You will step on the soil of many countries when eating here because our Cantonese and Szechuan cuisines are authentic here too.

In the end, there are three things that last: faith, hope, and satisfied hunger; and the greatest of these is satisfied hunger, which you will get after eating at China Palace. LEARN CHINESE: Pot sticker = Guo-tie (also very good and cheap too!).

Red Koi Thai & Sushi Lounge

Red Koi Lounge opened its Miracle Mile doors earlier this year to fierce competition from Gables staple Bangkok Bangkok. But its combination of friendly servers, fiery duck red curry, and budget-friendly lunch specials has helped the feisty newcomer attain a loyal following that packs the black-leather-and-bamboo dining room on weekends. Sure, there's sushi on the menu too, most of it pretty good, but it's Thai staples such as ginger scallops and spicy beef salad with lime juice and crunchy scallions that inspire return visits. Curries go for $10 to $27.

Yoko's Japanese Restaurant

Unlike other temples to Japanese food on South Beach, Yoko's is a relatively humble pioneer that has consistently churned out high-quality staples such as nongreasy tempura, buttery raw fish, seared yakitori chicken skewers, and plump shrimp shumai. Come here for Japanese comfort food like fried pork katsu, barbecue eel, and heaping bowls of udon noodle soup. The tatami mat décor and warm yet formal service is the closest Miami gets to a typical Tokyo neighborhood haunt. Yaki soba with shrimp is $15.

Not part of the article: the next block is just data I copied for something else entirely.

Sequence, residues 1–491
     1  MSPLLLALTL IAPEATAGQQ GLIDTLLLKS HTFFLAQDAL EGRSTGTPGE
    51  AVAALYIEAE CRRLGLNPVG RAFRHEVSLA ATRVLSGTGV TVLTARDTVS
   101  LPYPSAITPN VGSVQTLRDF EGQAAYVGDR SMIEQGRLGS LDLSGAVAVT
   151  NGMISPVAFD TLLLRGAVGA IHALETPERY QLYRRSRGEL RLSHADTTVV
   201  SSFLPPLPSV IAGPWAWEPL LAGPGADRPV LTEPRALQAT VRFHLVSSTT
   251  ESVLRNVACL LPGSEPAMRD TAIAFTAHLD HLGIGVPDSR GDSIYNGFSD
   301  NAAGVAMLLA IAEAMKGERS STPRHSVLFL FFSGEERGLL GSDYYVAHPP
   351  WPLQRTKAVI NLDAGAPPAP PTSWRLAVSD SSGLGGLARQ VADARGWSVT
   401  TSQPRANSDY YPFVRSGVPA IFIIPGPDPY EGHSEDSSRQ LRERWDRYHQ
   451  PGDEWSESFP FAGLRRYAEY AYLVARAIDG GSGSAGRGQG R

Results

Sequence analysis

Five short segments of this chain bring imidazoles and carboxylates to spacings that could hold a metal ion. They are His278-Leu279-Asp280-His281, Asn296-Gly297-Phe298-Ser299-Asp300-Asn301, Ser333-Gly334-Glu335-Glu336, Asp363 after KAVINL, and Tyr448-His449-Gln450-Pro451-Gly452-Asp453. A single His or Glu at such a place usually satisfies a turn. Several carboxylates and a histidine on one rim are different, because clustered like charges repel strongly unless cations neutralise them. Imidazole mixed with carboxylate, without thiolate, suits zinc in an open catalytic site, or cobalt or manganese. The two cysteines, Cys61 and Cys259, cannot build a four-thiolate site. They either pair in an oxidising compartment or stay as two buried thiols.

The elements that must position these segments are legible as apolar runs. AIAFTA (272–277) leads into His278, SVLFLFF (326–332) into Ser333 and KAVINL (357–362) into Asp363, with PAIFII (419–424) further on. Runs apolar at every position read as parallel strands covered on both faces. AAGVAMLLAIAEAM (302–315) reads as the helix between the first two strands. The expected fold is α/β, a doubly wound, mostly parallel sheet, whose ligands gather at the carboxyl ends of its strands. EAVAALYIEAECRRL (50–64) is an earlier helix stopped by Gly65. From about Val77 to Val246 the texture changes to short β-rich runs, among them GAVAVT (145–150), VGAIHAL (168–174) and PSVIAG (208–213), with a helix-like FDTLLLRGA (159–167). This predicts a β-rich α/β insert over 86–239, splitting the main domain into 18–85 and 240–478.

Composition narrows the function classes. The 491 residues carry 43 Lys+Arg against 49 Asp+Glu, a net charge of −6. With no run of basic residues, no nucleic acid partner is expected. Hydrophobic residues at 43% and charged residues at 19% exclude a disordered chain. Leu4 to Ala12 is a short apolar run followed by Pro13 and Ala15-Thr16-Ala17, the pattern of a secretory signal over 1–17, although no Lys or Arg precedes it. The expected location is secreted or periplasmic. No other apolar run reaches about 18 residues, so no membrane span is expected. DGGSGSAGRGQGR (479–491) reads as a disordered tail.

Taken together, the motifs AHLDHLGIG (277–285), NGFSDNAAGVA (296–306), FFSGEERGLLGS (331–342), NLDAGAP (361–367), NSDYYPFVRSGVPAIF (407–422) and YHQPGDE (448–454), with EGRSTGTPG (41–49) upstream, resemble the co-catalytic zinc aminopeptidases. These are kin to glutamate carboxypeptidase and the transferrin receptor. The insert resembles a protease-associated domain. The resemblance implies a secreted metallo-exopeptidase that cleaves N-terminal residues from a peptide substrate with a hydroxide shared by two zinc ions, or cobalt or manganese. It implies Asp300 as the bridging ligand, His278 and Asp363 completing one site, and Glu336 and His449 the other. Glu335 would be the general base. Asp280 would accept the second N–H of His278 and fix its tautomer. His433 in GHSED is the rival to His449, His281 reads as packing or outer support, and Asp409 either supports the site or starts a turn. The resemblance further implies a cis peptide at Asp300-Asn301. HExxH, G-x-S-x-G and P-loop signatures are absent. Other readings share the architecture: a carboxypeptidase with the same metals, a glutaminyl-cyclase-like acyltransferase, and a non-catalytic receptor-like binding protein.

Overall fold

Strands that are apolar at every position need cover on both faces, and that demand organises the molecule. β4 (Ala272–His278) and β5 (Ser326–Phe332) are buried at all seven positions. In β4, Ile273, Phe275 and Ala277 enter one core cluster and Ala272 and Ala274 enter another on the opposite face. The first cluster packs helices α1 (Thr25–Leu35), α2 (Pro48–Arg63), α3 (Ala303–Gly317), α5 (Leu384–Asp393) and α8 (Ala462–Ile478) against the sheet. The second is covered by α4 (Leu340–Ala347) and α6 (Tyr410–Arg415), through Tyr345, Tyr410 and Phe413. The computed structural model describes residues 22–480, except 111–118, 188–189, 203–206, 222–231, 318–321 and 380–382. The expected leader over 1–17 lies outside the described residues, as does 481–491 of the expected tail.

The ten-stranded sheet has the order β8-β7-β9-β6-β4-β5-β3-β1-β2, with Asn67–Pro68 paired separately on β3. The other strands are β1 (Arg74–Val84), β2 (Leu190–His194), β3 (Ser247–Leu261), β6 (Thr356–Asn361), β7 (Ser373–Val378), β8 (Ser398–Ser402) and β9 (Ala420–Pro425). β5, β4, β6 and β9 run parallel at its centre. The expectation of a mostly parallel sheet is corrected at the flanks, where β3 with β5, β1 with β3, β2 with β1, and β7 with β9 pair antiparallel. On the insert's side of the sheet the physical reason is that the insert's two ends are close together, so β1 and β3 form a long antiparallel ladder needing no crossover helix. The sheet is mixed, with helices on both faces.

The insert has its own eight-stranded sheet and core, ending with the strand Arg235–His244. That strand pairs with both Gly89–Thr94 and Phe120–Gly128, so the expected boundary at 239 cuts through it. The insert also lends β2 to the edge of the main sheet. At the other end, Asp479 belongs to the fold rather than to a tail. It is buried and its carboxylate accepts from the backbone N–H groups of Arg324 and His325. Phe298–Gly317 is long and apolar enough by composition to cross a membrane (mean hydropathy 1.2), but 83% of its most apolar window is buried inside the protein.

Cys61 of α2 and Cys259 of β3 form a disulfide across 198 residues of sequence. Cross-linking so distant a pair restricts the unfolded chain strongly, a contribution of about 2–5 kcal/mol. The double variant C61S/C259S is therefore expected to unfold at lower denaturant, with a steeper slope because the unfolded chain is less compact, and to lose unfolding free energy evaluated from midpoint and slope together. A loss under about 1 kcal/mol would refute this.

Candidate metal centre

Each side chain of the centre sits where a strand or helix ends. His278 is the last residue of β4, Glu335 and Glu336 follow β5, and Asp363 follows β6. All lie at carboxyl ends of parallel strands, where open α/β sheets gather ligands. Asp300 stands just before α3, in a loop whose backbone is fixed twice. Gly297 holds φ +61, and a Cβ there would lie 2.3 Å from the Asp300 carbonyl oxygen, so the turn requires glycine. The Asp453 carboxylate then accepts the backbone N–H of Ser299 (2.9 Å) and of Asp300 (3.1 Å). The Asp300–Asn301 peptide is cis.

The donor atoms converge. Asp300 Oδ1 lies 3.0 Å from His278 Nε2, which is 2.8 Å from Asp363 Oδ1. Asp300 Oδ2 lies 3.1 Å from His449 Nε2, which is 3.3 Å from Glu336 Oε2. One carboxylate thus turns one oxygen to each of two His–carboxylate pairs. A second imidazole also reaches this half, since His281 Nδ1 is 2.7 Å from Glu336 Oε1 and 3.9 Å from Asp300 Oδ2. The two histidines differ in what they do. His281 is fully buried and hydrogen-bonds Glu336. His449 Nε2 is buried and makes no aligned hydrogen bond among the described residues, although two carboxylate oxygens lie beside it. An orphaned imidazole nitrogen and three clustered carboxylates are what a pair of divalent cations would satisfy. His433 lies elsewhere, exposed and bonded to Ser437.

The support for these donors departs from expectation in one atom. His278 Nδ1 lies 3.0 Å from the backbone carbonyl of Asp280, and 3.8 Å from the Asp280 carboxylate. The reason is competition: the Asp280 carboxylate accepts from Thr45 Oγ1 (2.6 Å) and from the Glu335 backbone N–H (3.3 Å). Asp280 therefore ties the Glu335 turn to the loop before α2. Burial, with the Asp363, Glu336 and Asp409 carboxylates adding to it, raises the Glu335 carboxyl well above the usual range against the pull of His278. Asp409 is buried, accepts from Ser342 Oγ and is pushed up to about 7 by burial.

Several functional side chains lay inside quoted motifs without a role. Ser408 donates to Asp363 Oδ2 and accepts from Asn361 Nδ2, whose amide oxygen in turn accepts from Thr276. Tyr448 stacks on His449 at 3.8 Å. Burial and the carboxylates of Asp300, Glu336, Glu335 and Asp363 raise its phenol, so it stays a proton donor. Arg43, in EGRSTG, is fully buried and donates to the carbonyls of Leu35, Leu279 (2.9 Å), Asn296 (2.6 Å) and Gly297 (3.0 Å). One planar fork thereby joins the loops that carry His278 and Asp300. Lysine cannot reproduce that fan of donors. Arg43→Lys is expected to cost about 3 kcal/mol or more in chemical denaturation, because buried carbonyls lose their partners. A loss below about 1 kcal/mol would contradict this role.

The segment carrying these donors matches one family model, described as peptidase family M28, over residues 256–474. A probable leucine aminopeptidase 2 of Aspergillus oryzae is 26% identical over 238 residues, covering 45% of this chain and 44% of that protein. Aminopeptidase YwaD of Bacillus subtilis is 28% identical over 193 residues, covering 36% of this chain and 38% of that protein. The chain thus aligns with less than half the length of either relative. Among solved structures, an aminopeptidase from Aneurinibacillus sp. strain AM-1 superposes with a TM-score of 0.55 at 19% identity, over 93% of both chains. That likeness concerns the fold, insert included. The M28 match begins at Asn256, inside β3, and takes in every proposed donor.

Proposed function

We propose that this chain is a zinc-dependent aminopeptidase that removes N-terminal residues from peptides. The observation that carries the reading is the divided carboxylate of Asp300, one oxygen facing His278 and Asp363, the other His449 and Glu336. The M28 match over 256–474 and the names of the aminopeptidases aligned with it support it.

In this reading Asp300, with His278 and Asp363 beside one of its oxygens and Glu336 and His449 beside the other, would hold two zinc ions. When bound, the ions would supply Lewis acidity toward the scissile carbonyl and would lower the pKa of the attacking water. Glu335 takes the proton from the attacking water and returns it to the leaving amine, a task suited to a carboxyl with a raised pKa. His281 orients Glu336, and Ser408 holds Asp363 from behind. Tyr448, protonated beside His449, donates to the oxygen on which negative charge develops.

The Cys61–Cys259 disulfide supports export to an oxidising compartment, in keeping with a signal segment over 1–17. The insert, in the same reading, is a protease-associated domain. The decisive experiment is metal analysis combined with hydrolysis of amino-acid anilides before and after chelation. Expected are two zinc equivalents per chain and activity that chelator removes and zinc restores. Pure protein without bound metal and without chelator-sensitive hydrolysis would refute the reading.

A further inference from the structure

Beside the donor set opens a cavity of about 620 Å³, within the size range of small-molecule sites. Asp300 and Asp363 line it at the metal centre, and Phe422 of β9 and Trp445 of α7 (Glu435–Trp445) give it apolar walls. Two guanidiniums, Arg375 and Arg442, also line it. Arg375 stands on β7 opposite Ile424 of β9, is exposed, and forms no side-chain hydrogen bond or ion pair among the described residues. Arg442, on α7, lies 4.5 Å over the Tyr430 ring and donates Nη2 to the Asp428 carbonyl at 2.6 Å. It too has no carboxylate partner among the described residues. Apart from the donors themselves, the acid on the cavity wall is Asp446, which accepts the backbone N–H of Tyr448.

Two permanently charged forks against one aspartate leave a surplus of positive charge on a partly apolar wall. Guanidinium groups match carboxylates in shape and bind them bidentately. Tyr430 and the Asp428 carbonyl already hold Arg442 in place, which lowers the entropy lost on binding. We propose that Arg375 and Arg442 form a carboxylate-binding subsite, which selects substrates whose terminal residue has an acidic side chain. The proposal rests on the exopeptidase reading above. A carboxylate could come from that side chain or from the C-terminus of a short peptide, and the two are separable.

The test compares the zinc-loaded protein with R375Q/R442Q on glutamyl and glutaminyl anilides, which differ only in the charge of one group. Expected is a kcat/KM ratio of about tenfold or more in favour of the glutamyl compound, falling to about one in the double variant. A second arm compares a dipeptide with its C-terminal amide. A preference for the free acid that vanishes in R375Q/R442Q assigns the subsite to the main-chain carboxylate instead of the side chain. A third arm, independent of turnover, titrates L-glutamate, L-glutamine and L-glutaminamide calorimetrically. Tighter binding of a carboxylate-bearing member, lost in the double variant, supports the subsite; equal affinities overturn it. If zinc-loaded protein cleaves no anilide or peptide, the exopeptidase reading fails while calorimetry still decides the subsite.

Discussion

Izzy's Cubi Thai

Izzy's fills that odd dining niche for those days when you can't decide whether you're feeling like ropa vieja or panang curry. Luckily, at Izzy's, you can have both, simultaneously if desired. Located in the once-classic Sherry Frontenac Hotel in North Beach, the sparsely decorated joint boasts a lengthy menu of Cuban and Thai classics that range from skirt steak with tostones and black beans all the way to pad thai, a sweetly sour mee grob, and a lovely coconut soup bursting with shrimp and vegetables. And it's cheap. Ropa vieja is $9; green curry goes for $11.

Fogo De Chao

Let's hark back to the days when meat was served in portions the size of Hyundais. Better yet, let's just mosey on over to Fogo de Chão, which loosely translates to "stuff of the face." Or maybe not — our Portuguese isn't so hot — but we know a great cut of meat when we eat one. The way it works, as most Miamians know, is a band of servers comes to the table hauling long skewers of fat, juicy meats, and provides continuous slicing privileges for those who want it. There are some 15 Brazilian-style cuts in all, our favorites being the picanha (prime sirloin), beef ancho (prime part of the rib eye), tender pork ribs, pork sausages, leg of lamb... well, guess we like it all. The meats here just seem fresher, moister, and more flavorful than those at other eateries of this type. Diners are likewise lassoed by fresh breads, side dishes, and a ridiculously extensive salad bar. The whole shebang costs $46.50 ($26.50 for kids) — not a bad deal when broken down to price per pound.

Best Of Miami®

Best Of Miami®